This module is on perspective and Still Life. If you’ve been following along this study period, you’ll know I am crap at realistic drawing and even worse at seeing in 3D. So I tend to not draw things in perspective. If I’m completely frank with you – it’s not that I don’t want but that I don’t know how. Perspective scares the hell out of me.
So there I am, staring at our hallway, trying to work out where the diagonals are. To me, they don’t exist. All I can see are vertical lines. The door at the end of the hall is the same as the door closest to me. Right? Apparently not. Apparently the door at the far end of the hall looks smaller and this is because of perspective.
There are various types of perspective. Linear, atmospheric and something else. Anyway, I started by using inks (yes, Indian ink!) to create a Variable Scale perspective drawing from my imagination. I loved my first attempt but it was flawed. Subsequent attempts were absolute crap but the fifth attempt was just going to have to do.
Next up was a single point perspective. Of course, they explain it and I still don’t get what that is until I see this extraordinary video…
Ok, so NOW I get single point perspective. I may not be able to perceive it but I do know what’s expected of me. So it says to draw an interior in charcoal using single point perspective. It can be imaginery or from a photo. So I go through the video to find an image I’d like to use…. there’s a good chance that every one these are going to be single point perspective! LOL
I chose an image from the clip above – a still from 2001: A Space Odyssey and decided to recreate it. We weren’t allowed to use rulers so I traced mine from the original and then made subtle changes. Charcoal was not a kind medium for this piece but eventually I finished.
Halfway through my charcoal catastrophe, I took a food break and ate, staring at the bottle of Indian ink. The brush. The syringe. The egg cups. The jar of water. I made three more attempts to redraw my picture. I liked the 8th and stopped. So it shall be Attempt Number 8 that I submit. 🙂 Nope, I make one more attempt and agree I should go back to number 8. This is tricky!!!!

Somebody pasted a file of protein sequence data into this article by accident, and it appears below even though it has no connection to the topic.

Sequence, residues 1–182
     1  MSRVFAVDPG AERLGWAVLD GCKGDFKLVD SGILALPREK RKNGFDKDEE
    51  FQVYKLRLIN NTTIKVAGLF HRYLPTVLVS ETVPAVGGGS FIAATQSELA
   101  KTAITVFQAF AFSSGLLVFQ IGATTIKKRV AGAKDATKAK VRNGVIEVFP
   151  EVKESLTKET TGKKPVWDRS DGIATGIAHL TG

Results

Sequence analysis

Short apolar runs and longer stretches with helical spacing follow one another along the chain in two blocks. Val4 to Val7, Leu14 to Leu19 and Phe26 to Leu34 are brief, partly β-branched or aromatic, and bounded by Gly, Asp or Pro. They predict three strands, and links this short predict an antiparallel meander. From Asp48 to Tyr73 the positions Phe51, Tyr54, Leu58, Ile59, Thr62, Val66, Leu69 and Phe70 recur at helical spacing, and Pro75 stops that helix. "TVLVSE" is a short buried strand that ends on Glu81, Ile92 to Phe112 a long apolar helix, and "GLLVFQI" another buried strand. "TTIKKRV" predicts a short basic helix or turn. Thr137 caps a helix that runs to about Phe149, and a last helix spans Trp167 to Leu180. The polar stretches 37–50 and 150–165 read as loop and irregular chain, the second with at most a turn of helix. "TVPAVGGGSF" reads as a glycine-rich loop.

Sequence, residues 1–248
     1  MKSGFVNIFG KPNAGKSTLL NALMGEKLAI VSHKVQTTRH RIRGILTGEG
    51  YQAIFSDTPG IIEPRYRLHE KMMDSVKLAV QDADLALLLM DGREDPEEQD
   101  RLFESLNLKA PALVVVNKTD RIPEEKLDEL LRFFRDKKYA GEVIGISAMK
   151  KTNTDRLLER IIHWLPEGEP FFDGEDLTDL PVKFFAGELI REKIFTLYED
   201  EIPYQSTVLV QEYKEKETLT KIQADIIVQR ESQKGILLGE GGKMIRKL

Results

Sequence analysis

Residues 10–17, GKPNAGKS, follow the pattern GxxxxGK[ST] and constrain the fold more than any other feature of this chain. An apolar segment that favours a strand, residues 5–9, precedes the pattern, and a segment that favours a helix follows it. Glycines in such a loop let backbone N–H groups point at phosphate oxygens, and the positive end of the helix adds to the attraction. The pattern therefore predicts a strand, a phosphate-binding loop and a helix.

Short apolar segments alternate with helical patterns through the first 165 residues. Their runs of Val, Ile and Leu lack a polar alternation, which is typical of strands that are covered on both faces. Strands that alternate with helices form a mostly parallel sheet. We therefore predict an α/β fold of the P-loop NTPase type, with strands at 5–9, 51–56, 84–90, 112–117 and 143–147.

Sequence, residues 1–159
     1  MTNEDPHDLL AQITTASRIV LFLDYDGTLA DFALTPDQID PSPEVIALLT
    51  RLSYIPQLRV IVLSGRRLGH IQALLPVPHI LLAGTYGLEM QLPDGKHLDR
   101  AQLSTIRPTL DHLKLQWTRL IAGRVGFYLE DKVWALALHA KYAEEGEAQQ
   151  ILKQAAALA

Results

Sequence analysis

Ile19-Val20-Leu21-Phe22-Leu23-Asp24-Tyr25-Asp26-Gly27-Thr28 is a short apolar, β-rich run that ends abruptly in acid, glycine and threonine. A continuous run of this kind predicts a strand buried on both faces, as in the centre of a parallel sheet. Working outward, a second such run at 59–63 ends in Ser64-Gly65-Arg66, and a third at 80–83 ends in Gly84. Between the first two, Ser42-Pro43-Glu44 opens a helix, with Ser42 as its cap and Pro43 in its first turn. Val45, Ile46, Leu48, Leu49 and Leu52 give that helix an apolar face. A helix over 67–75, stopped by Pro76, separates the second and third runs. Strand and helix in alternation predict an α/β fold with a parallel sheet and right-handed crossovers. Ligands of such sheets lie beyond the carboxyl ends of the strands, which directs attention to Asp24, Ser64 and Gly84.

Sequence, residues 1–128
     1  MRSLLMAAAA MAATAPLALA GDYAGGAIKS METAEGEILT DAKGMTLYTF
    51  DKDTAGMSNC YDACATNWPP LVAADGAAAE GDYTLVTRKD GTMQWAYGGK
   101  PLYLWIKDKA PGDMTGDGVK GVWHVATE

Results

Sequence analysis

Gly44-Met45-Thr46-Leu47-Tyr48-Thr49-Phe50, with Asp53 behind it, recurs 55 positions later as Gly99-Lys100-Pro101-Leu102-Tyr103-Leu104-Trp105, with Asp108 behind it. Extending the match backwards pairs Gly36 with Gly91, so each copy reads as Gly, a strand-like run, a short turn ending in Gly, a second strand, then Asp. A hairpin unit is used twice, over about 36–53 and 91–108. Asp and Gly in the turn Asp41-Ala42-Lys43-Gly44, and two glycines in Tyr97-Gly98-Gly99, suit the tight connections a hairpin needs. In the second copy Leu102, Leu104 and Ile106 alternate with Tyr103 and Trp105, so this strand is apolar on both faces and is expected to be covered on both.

Next up is two-point perspective. Ok, so this is where you see two sides of something. I think. Anyway, I do a quick sketch of this one… I think it’s correct but I’m not entirely sure. And let’s face it, it’s not easy to make a table look interesting!
Ok, so now we’re onto Drapery. We need to use charcoal to draw fabric draped. So I grab a tablecloth and … well, drape it so it sits on a stool. And then I grab the camera, snap a photo and print it out. And then using water soluble charcoal sticks, I create a medium ground (which is a background that will show off both black and white apparently) and using paintbrushes and water, I try to make it even. Then I use willow charcoal to draw what I see. I quite liked this piece and felt it was pretty realistic. Willow charcoal is very messy but much easier to work with than other charcoals, I feel!
And from drapery we move to still life. Ugh. Seriously? Pretty please, can I have a pass to NOT do still life? So far this module blows, but I have to admit, I’m learning heaps! And drawing so much more than I would if I wasn’t doing this unit. So that’s good I guess!
So STILL LIFE. I need to create a five part still life. My item shall be a dog toy bone (does this sound familiar to those who read my painting posts???). The five parts are
- A study of the still life
- The use of the still life item in a pictorial setting
- The still life as an icon or logo
- The still life as a collage
- The still life wrapped in fabric or paper.
Here we go!
I started with a rough picture of what it looks like. Using a previously completed water soluble medium ground, I used both willow and charcoal pencil and then highlighted using white charcoal contes. Frankly, it sucks.
To do this one, I thought about the essence of what I was drawing, which really was just a bone shape. Bones are buried in the soil, and live in the soil with snails. Dogs love bone and love digging in the soil to find them, often finding snails instead. So this pictorial became an illustration of a bone as a snail. And a snail as a bone, which starts with a little bit of love but by the time the largest bones are found becomes a lot of love. (Yes there’s a lot of deliberate symbolism in this piece).
The logo or icon was tricky. I originally started with an idea of a bone shape as negative space onto positive space but it didn’t work as I’d hoped and frankly, it just sucked. So I thought about what other things look like the shape of a bone. A bow tie!
So next was creating a collage about a dog bone toy. I chopped up clothing and rugs and all sorts of things to create this highly textured piece. I also used digital scrapbooking papers which I printed out and glued onto card to add contrast.
I have to admit that I think it’s pretty funny that my favourite piece, the piece that I liked the most, I forgot to photograph before sending off! It was of the bone wrapped in a tshirt. There wasn’t anything special about it, but I think I have a knack for drapery and fabric when using willow charcoal.
Anyway, all of these pieces were submitted except for the Space Odyssey one (I could leave one out) so there goes another assignment!